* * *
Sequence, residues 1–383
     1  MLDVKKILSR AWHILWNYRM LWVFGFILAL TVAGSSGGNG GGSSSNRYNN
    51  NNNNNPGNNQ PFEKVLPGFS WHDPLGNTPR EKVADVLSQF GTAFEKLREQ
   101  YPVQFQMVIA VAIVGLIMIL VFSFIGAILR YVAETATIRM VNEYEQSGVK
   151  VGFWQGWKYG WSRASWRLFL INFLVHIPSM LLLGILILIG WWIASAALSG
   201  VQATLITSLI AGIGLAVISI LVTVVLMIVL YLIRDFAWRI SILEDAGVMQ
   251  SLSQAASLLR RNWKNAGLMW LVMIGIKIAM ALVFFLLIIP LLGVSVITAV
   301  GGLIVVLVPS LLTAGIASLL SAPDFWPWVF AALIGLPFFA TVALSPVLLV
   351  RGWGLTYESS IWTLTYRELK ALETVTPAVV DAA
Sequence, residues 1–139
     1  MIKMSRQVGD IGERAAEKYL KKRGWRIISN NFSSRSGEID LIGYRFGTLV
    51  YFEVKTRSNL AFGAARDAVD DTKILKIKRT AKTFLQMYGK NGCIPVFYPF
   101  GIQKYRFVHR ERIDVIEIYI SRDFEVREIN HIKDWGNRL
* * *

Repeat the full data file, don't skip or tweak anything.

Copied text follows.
Sequence, residues 1–383
     1  MLDVKKILSR AWHILWNYRM LWVFGFILAL TVAGSSGGNG GGSSSNRYNN
    51  NNNNNPGNNQ PFEKVLPGFS WHDPLGNTPR EKVADVLSQF GTAFEKLREQ
   101  YPVQFQMVIA VAIVGLIMIL VFSFIGAILR YVAETATIRM VNEYEQSGVK
   151  VGFWQGWKYG WSRASWRLFL INFLVHIPSM LLLGILILIG WWIASAALSG
   201  VQATLITSLI AGIGLAVISI LVTVVLMIVL YLIRDFAWRI SILEDAGVMQ
   251  SLSQAASLLR RNWKNAGLMW LVMIGIKIAM ALVFFLLIIP LLGVSVITAV
   301  GGLIVVLVPS LLTAGIASLL SAPDFWPWVF AALIGLPFFA TVALSPVLLV
   351  RGWGLTYESS IWTLTYRELK ALETVTPAVV DAA
Sequence, residues 1–139
     1  MIKMSRQVGD IGERAAEKYL KKRGWRIISN NFSSRSGEID LIGYRFGTLV
    51  YFEVKTRSNL AFGAARDAVD DTKILKIKRT AKTFLQMYGK NGCIPVFYPF
   101  GIQKYRFVHR ERIDVIEIYI SRDFEVREIN HIKDWGNRL